Having the opportunity to go to Uni is incredible, and sometimes we forget that. The past year has brought our attention to the plight of girls all over the world who are less lucky than us. While we may not personally be able to go in and help these girls, it is still important for us to understand what is happening to them. So, I’ve created a crash course in Boko Haram, ISIS, and the social media response to both.
In April 2014, 276 girls were kidnapped from their school in Nigeria by Boko Haram, a militant Islamist movement in Nigeria. Many of us were shocked and outraged. Celebrities from around the world formed the #BringBackOurGirls campaign on social media. The campaign brought press to the issue, but still, after all these months, the girls are yet to return home.
Late in September, rumors began to circulate that the leader of Boko Haram, Abubakar Shekau, had been killed. This remains largely disputed as Abubakar Shekau has reportedly appeared in the most recent video released by Boko Haram.
Sadly, Boko Haram is not the only threat to young girls in this world. ISIS is now presenting a very real and serious threat to girls. Originally, ISIS was a part of al-Qaeda, but was kicked out for being too extreme. Just let that sink in for a minute, an extremist terrorist group responsible for thousands of deaths thinks ISIS is too extreme.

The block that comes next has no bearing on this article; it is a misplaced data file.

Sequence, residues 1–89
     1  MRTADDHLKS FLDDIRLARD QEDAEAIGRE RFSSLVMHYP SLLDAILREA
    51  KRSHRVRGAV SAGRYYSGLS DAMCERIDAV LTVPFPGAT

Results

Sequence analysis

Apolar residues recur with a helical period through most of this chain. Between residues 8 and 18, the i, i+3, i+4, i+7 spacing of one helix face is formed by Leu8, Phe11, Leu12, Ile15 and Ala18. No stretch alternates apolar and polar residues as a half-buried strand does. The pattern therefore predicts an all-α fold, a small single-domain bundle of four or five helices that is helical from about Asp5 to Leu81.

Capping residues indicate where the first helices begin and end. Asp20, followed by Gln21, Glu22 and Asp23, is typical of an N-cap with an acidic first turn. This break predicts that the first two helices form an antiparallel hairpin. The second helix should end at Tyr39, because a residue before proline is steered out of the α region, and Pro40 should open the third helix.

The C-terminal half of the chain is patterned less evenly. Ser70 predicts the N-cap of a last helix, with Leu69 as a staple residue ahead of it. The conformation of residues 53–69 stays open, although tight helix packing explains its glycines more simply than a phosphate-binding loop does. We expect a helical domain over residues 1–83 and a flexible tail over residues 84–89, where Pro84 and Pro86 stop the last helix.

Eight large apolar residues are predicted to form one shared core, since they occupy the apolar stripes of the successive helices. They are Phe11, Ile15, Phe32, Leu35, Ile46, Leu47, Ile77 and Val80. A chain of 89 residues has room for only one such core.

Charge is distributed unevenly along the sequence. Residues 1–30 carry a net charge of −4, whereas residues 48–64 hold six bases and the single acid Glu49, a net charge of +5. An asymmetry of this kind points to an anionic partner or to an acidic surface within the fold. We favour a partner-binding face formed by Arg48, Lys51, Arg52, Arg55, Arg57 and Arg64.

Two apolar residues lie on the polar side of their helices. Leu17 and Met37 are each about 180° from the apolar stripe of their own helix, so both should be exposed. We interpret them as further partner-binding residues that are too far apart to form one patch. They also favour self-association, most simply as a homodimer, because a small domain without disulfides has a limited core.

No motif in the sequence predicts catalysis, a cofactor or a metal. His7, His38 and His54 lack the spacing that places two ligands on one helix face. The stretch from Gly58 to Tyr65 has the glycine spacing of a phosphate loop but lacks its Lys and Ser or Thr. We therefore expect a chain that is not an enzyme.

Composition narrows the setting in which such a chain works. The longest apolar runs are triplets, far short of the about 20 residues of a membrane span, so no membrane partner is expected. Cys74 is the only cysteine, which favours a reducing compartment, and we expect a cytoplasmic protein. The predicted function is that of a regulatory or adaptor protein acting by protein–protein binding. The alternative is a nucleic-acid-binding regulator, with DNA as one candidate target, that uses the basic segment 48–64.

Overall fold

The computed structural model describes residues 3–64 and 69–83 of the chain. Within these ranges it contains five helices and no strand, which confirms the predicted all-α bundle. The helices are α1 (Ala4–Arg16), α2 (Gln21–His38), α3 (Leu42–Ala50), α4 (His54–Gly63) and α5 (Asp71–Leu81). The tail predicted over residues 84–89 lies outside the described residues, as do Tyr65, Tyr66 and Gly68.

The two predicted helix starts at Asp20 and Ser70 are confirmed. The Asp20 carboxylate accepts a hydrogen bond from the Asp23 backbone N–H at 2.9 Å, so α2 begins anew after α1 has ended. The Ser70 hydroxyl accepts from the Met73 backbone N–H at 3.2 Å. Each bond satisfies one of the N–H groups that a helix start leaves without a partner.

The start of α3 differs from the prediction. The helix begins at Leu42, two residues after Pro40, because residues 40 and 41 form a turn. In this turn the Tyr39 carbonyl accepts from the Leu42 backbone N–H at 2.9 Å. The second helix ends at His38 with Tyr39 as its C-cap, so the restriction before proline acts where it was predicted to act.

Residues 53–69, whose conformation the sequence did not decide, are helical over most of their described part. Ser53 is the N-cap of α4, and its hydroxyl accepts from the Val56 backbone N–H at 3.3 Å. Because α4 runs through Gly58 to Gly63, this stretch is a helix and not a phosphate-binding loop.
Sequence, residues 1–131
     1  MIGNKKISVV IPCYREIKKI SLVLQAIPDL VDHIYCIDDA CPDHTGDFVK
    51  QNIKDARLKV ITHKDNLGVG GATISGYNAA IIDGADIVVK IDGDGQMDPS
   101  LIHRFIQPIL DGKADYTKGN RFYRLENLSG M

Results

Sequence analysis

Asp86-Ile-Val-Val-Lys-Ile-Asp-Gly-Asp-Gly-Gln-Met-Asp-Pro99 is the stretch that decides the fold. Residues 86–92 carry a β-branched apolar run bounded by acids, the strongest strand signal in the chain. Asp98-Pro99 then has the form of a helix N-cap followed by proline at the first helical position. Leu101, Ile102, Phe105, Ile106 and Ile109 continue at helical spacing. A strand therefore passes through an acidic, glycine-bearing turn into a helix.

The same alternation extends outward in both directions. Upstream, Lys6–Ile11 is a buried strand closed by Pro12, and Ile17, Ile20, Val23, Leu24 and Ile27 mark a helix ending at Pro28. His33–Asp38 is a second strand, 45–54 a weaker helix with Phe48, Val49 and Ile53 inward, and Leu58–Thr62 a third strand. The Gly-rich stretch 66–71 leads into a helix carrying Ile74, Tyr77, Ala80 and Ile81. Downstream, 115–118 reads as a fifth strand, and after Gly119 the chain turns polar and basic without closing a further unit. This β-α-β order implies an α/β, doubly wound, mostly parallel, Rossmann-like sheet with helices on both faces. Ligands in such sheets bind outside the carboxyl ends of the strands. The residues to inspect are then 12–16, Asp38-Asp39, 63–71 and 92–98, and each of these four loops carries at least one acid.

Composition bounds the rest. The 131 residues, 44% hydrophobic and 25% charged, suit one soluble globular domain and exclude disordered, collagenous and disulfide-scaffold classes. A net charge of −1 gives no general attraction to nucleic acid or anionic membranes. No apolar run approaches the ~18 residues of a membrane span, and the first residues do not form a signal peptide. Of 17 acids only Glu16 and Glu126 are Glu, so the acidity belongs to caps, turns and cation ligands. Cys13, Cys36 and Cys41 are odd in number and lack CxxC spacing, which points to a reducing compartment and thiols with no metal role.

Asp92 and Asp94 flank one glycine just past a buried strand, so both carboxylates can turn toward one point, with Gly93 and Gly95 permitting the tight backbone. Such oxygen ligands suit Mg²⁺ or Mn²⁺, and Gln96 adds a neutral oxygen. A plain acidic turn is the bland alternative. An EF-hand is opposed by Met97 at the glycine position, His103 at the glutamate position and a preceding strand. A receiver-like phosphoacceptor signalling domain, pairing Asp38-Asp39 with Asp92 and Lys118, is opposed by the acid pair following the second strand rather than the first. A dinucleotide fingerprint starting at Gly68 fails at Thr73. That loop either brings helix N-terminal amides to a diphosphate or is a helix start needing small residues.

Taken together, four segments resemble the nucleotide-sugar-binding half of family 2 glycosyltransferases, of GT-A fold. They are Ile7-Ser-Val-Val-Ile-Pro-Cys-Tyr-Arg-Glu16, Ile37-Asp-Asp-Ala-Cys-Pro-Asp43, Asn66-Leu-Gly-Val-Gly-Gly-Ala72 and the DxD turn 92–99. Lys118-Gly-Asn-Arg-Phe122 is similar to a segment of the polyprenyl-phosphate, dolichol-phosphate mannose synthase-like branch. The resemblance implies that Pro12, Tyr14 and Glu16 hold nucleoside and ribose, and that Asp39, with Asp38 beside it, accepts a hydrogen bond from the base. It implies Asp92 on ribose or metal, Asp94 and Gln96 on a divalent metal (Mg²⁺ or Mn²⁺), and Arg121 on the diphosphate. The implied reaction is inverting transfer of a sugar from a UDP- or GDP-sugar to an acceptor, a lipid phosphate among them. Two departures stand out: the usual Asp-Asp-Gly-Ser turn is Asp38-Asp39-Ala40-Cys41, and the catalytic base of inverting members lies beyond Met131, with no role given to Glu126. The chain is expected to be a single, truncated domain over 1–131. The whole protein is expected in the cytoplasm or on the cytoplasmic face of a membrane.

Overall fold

A recent UN report found that ISIS has killed or injured 24,000 Iraqi civilians since the beginning of 2014. Many of those have been women and children. But it does not stop there, ISIS has also been forcing young girls and women into sex slavery.
A recent campaign began here in Britain using the hashtag #NotInMyName. This campaign allows Muslims to denounce the violence used by ISIS. But aside from that, there hasn’t been much of a response in social media to ISIS. Perhaps this is because they are such a difficult organisation to comprehend. We don’t know their final goals and many of us don’t understand their motivations. But we still need to care about these girls.
Social media affords us so many opportunities to bring awareness to issues that matter to us. #BringBackOurGirls has not been successful yet, but it did bring attention to an issue we wouldn’t have known about otherwise.
I don’t have a clever hashtag for the girls who are being abused by ISIS, but that doesn’t mean we shouldn’t still talk about it. This article should not make you feel bad about the life you live. We are all lucky, but we cannot ignore the issues happening around us. We are strong and we can help in small ways.
Don’t forget about these girls, and don’t let anyone else forget about them either. We can make a difference if we remember these girls. We are part of a global community of girls, so let’s stick together!